If you're looking for a destination to replace Fort Lauderdale on your vacation list, you might want to consider the increasingly gay-friendly state of Arizona. After making history as the first state to reject an anti-gay marriage amendment, one community in the state is now tackling the military's "Don't Ask, Don't Tell" ban on lesbian, gay and bisexual service members.
The city of Tucson announced today that its mayor and city council have approved a resolution calling on Congress to repeal the military's ban. The resolution, which can be found in its entirety here, has been sent to President Bush and the entire Arizona Congressional delegation . . . including Senator John McCain.
The land of Goldwater, it seems, is making an LGBT-friendly comeback.
Earlier this week, the state's senior Senator told a group of high school students in New Hampshire that he supports the military's exclusion of gay troops. In fact, McCain has repeatedly refused to revisit the law, citing General Colin Powell (who has now acknowledged that repeal is coming) for his defense of the ban.
The voters in Tucson, however, sent Senator McCain a loud wake-up call this morning: It's time to dump "Don't Ask" and allow gay service members to serve openly.
"This policy represents the only example in the United States of legislation that requires discrimination," said Pamela Liberty, co-chair of the City of Tucson GLBT Commission. "On average, two service members each day are discharged solely on the basis of sexual orientation. . . . We are proud of our Mayor and Council Members for adding their voices to the growing demand to end this discriminatory policy."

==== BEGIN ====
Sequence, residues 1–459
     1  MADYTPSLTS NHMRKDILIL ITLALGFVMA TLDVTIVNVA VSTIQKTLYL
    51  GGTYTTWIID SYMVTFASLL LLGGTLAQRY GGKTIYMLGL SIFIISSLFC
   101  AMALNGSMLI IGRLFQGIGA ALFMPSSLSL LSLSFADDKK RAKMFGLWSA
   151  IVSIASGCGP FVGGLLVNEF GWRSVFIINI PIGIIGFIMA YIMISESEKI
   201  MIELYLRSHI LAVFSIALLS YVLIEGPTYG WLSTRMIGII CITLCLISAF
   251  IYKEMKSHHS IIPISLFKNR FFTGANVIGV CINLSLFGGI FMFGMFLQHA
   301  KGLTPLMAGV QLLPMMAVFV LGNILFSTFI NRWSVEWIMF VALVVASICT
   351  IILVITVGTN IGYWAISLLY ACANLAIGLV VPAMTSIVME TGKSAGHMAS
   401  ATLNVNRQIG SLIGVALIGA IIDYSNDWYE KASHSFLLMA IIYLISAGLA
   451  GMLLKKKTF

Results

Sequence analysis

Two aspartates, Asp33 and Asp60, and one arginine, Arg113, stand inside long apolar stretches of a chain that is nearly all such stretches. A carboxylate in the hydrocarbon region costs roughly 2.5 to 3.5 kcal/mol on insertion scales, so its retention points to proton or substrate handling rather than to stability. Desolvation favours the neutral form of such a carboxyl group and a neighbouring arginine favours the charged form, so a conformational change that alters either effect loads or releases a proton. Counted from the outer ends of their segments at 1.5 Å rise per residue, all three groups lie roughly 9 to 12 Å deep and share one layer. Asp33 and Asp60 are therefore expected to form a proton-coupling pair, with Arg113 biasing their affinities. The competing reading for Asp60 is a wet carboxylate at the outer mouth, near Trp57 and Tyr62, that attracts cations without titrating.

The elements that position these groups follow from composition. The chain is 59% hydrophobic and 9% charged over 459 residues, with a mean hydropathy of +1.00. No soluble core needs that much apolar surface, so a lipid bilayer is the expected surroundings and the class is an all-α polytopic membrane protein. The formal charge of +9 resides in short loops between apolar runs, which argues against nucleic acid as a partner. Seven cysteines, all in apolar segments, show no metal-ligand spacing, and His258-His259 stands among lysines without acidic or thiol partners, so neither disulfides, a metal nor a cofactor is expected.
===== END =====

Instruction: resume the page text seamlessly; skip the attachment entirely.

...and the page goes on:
Arizona is home to more than 22,500 gay veterans, and Tucson made a strong show of support for their service to our country. The city follows in the footsteps of New York, San Francisco, Saint Louis and Portland, Oregon, who have all previously issued similar resolutions. The Tuscon resolution states in part that "Military readiness is enhanced when every qualified, capable American, regardless of sexual orientation, is welcomed into our Armed Forces and has his or her talents utilized in the best interest of our national security."
Two members of Arizona's delegation in Washington have already signed as co-sponsors of House legislation to lift the ban. Congressman Ed Pastor (D-AZ) and Congressman Raul Grijalva (D-AZ) are among 131 bi-partisan co-sponsors of The Military Readiness Enhancement Act. But Senator McCain - woefully out of touch with his constituents and the rest of the country - has refused to budge on the issue.
Today, Tucson effectively told McCain to "take that."
Of course, it's unlikely that McCain will change his opinion, but at least he knows that his home state voters couldn't disagree more with the position he has staked out. And more and more, the public is calling out politicians who refuse to treat LGBT Americans equally. In that high school gathering earlier this week, one student, when McCain said "I do not" in response to a question about whether he supports LGBT people, told the Senator that "I came here to see a good leader. I do not."
As McCain continues to move further and further outside of the mainstream, there's even some speculation that his Senate career is increasingly in jeopardy. One recent poll showed that Arizona Governor Janet Napolitano (who has also criticized the military policy) could take McCain's seat in the chamber when his term is up in 2010.
I don't know about you, but I'm starting to feel an Arizona state of mind coming on.
(For those who would like to learn more about working on local resolutions in their hometowns, there's information on how to follow Tucson's lead online at Servicemembers Legal Defense Network.)